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- Byron Scott dismisses talk of Kobe Bryant retirement
- NFL investigating New England Patriots for deflated footballs
- Marshawn Lynch may face discipline for media silence, lewd gesture
- Jack Del Rio says he’s been a ‘Raider his whole life’
- 3 things we learned from Clippers’ 126-121 loss to Cavaliers
- Jim Tomsula is an awkward interview, should 49ers fans be worried?
- Jordan Farmar calls being waived by Clippers ‘mutual’
- Padres to host 2016 MLB All-Star game at Petco Park
- Clippers get Austin Rivers in 3-team trade involving Reggie Bullock
Clippers lose season opener to Lakers, must focus on rebounding, energy
- Updated: October 30, 2013
After an offseason filled with plenty of promise, the Los Angeles Clippers fell apart in the fourth quarter of the season opener to the far less-talented Los Angeles Lakers. The Doc Rivers-led, defensive-minded Clippers gave up 41 points in the fourth quarter en route to a 116-103 loss.
The Clippers led 79-75 entering the fourth quarter when Lakers coach Mike D’Antoni decided to experiment with an all-bench lineup of Jordan Farmar, Jordan Hill, Jodie Meeks, Xavier Henry and Wesley Johnson. After a 10-4 start to the quarter, Rivers brought back his Chris Paul and Blake Griffin, hoping to appease the momentum the Lakers bench was building.
It was already too late. The Lakers bench would increase their lead to 17 points over the next seven minutes of gameplay. The Lakers’ reserves finished the night with 76 points, the most in franchise history since 1985.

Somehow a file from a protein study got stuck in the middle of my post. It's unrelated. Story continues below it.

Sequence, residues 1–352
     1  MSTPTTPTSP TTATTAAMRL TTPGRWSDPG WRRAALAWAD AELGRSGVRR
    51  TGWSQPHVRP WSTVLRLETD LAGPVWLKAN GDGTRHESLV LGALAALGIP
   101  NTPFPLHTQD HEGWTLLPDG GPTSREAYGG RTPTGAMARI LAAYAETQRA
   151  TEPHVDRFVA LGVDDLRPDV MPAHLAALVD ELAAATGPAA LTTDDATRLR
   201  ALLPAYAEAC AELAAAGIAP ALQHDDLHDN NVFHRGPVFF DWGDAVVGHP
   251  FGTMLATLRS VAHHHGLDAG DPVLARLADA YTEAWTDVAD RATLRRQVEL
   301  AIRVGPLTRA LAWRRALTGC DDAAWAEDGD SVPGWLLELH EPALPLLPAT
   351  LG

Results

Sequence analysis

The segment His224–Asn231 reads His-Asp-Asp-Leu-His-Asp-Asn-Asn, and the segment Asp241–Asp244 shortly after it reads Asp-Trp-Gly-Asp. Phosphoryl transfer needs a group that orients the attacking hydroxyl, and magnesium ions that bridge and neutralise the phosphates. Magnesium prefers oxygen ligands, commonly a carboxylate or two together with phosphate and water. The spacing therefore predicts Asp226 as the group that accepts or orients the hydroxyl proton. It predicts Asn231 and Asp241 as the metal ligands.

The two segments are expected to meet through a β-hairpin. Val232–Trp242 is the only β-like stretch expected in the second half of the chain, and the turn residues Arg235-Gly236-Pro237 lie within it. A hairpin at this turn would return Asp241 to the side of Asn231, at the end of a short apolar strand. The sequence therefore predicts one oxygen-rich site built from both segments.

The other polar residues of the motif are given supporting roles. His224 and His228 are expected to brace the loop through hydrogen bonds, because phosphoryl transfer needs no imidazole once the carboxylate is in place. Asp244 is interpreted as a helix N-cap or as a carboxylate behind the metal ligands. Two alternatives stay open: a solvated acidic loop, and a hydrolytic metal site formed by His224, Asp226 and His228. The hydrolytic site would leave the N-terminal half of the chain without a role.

”Mike [D’Antoni] did a great thing: He didn’t bring his starters back in,” Rivers said after the game via NBA.com’s live streaming. ”There was a point where I was thinking: ‘Please bring them back in.”’
The Clippers will have to get used to this type of energy from their opposition on a gamely basis from now on. As a result of the team’s offseason moves to solidify itself as a championship contender, there has been a certain sense of entitlement over the past couple of months.
“I thought teams played us harder the first year in Boston than after we won it because the first year people took it personal that we [the Clippers] were anointed,” Rivers added. “I think pros take that more personal. Once you win it, they still want to beat the champs […] but they hate anointed champs.”
On an average of 101 possessions, which is on the higher end of the spectrum, the offensive efficiencies for both teams last night were: Lakers 114.9, Clippers 102.0. It’s fair to suggest that the Clippers just got mixed up in trying to play at an up-tempo pace, especially against the bench in the fourth quarter.
The Clippers finished with more fast-break points, more points in the paint, shot a higher percentage from the field, and even took care of the ball more efficiently. They faced a fourth-quarter unit that just had more energy and resilience in them than the Clippers had expected – it was a classic case of underestimating someone and facing said consequences.
Moving forward, Doc Rivers has to focus the team’s efforts on securing defensive rebounds. The Lakers relished a 52-40 advantage on the glass and pulled down 18 offensive rebounds, led by Jordan Hill’s seven.
Last night’s loss was just one game. There are 81 more games and the Clippers will still finish in the top half of the Western Conference. It’s just a matter of tweaking a few things, such as the rebounding and the energy.
“Every time you go out you got to be hungry,” said Paul. “I don’t care who you’re playing against, you have to play like that. We’ll find it.”
Paul finished the night with 15 points, 11 assists, and 5 steals. Blake Griffin had 19 points and 7 rebounds, while DeAndre Jordan added 17 points, 11 rebounds, and 3 blocks. The bench was outscored 76-34.
Photo via Clippestomythunder – Tumblr
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